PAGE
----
Russia has responded to the U.S. measures by accusing the West of forcing the conflict by pushing the enlargement of the North Atlantic Treaty Organization up to Russia’s borders. At home, dissidents have been convicted on what critics say are phony charges and sentenced to lengthy terms. Journalists have been arrested, including The Wall Street Journal’s Evan Gershkovich, a U.S. citizen accredited to work in Russia who was detained on an espionage charge during a reporting trip in March. He, the Journal and the U.S. government vehemently deny the allegation.

A week after Tracy began her posting in January, the Russian Foreign Ministry sent her a note demanding that the U.S. Embassy stop interfering in Russia’s internal affairs. The state news agency, TASS, reported that the ministry warned American diplomats against “attempts to carry out subversive work, recruiting agents of influence, with the aim of sowing discord in Russian society, and inciting anti-state protests.”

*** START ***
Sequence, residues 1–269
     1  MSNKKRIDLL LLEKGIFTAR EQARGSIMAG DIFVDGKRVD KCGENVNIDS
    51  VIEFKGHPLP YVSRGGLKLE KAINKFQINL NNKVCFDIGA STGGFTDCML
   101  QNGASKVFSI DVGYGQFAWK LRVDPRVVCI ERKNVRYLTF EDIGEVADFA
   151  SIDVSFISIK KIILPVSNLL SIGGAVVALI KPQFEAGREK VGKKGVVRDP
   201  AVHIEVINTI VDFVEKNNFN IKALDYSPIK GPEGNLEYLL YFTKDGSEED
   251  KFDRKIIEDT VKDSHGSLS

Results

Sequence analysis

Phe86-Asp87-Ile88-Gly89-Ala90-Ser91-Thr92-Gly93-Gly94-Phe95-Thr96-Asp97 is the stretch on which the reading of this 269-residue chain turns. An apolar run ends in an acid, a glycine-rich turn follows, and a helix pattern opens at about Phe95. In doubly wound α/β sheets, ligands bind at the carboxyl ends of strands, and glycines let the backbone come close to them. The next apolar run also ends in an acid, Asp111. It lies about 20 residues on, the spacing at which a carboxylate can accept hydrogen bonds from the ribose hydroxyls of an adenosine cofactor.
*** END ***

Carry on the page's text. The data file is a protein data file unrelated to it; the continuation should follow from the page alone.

Two weeks later, the ministry summoned Tracy to protest the U.S.’s move to provide weapons to the government in Kyiv and demand the U.S. and NATO withdraw from Ukraine, according to the foreign ministry website.

Tracy has been summoned to the Foreign Ministry at various other times since then, notably after she condemned the 25-year prison sentence given to dissident and journalist Vladimir Kara-Murza, a dual Russian-British national, and, according to the ministry’s website, voiced support for his right to disagree with the Russian government.

Since the start of the war in Ukraine, Russian authorities have moved quickly to tamp down any criticism, often branding opposition groups or anyone else speaking out as “foreign agents” or “undesirables” for receiving overseas funding or support. Independent media has largely been shut down while prominent figures already in jail, notably opposition politician Alexei Navalny, have been sentenced to longer prison terms.